In the Columbus Blue Jackets’ third game of the 2020-21 season, a 3-2 win over the Red Wings in Detroit, forward Oliver Bjorkstrand tallied what is known as a “Gordie Howe Hat Trick” (GHHT). Rather than three goals, these hat tricks consist of a goal, an assist, and a fight.
Bjorkstrand tied the score in the second period and assisted on Alexandre Texier’s game-winning goal in the third period. With less than a minute to go in the game, he received a five-minute fighting penalty (and a 10-minute misconduct) for tangling with Red Wings’ winger Bobby Ryan.
A Little Background on “Gordie Howe Hat Tricks”
Gordie Howe himself only twice accomplished the feat in his long and storied career. The all-time leader in GHHTs is Rick Tocchet, with 18. He’s followed closely by Brendan Shanahan and Brian Sutter, each with 17.
Interestingly, in 2011 Shanahan became the NHL’s Senior Vice President and took over responsibility for player discipline. Rather than dishing out punishment with jabs and roundhouse punches, he issued fines and suspensions, usually with an explanation.
Blue Jackets GHHT Fun Facts
Here’s some trivia about Gordie Howe Hat Tricks recorded by members of the Blue Jackets:
- Bjorkstrand’s fight against Ryan was only the second of his NHL career.
- Prior to Bjorkstrand, the most recent Blue Jackets GHHT was recorded by Zach Werenski on Apr. 12, 2019, in a playoff game against the Tampa Bay Lightning. It was Werenski’s first NHL fight.
- While Bjorkstrand was putting the final touch on his GHHT by fighting Ryan, Werenski himself was duking it out with long-time friend Dylan Larkin. (The two were roommates while playing at the University of Michigan.) Werenski didn’t have a goal or an assist during the game, and it was only his second NHL fight.
- The first GHHT in Blue Jackets history was recorded by Rick Nash on Jan. 1, 2006, in a 6-1 victory over the Pittsburgh Penguins. Nash had one goal, two assists, and nine penalty minutes (a fight and two minor penalties). Nash fought John LeClair after a shoving match with the Penguins’ Rob Scuderi.
- Like Bjorkstrand, Nash’s first GHHT involved his second NHL fight.
- Former Blue Jackets’ captain Nash is credited (if you should use that word when talking about fighting) with three GHHTs, one of which included a fight with original Blue Jackets’ captain Lyle Odelein.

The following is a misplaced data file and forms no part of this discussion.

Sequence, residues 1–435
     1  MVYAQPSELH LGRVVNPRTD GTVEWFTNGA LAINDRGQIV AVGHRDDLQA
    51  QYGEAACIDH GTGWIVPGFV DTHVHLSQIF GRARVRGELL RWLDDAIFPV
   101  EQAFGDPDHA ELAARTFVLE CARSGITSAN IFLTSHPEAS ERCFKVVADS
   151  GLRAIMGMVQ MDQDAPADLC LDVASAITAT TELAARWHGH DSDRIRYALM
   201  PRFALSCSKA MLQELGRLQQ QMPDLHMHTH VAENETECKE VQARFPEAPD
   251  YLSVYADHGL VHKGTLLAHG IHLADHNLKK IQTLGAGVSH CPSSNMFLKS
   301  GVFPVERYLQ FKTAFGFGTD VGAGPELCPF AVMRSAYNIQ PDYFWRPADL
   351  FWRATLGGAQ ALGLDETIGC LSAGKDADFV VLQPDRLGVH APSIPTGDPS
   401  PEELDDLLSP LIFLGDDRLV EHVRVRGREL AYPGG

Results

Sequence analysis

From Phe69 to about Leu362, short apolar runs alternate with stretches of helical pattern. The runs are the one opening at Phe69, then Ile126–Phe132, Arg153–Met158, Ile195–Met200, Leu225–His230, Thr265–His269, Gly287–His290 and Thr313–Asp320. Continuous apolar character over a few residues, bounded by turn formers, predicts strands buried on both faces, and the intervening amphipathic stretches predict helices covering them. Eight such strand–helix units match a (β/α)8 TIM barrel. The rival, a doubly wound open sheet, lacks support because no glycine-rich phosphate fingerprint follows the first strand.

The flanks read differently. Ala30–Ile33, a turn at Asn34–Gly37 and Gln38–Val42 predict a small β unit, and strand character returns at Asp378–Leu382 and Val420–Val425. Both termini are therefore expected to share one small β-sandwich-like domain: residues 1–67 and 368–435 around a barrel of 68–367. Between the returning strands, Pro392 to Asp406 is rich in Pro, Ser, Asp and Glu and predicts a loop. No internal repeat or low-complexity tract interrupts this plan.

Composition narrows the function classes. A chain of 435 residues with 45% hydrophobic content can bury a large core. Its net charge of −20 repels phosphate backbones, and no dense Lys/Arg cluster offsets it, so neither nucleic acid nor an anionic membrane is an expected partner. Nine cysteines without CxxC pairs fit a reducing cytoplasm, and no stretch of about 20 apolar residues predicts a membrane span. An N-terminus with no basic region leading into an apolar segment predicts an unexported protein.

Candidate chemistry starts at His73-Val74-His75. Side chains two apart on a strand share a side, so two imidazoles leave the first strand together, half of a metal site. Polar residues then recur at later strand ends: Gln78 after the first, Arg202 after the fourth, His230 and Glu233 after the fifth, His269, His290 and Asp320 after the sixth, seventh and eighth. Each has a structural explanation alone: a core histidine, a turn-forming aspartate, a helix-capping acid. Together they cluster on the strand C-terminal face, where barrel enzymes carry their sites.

- Current Blue Jackets’ captain Nick Foligno came close to a GHHT twice within two weeks during the 2018-19 season. He recorded a fight and a goal (but no assist) in games on Feb. 19, 2019, and again 12 days later.
- Only twice in NHL history have two players recording GHHTs in the same game by fighting each other. One involved then-Blue Jacket Fedor Tyutin. On Mar. 9, 2010, Tyutin fought Ryan Getzlaf of the Anaheim Ducks. It was the third leg of Tyutin’s GHHT and the first of Getzlaf’s.
- In the Blue Jackets’ first-ever game, Krzysztof Oliwa recorded a fight and an assist, but no goal. Later in the inaugural season, Steve Heinz and Alex Selivanov had games in which they recorded goals and assists and penalties for roughing but not fighting.
Most of the above information came from examining hundreds of box scores of Columbus games at Hockey-Reference.com. (Tip from The Department of Duh: If you’re looking for games involving Gordie Howe Hat Tricks, you can skip all of the games in which your team was shut out or only scored one goal. No player can have both a goal and an assist in such games.)
Fighting is Down. Will GHHTs Go Extinct?
For the past dozens of seasons or so, we’ve seen a decrease in fights and, therefore, fighting penalties. Does that mean an end to the Gordie Howe Hat Trick? Probably not until fighting is banned. And as far as a ban on fighting in hockey is concerned, let me reference a 1963 episode of The Twilight Zone, “Steel,” featuring Lee Marvin as a former boxer.
Early in the episode, host Rod Serling says, “Only (these) automatons have been permitted in the ring since prizefighting was legally abolished in 1968.” Mr. Serling was astonishingly prescient on many subjects, but when he predicted in 1963 that boxing would be abolished by 1968, he missed the mark. Almost 60 years ago, he recognized that men punching each other in the head was something that needed to be banned. To date, it has not been abolished. Neither in the ring, nor on the ice.
Pete Bauer is both a hockey fan and player. As a columnist for The Hockey Writers, he covers the Columbus Blue Jackets, NCAA hockey, and NHL trends, statistics, and history. He is also the author of over a dozen books on photography, digital imaging, and graphics, including “Photoshop CC for Dummies.”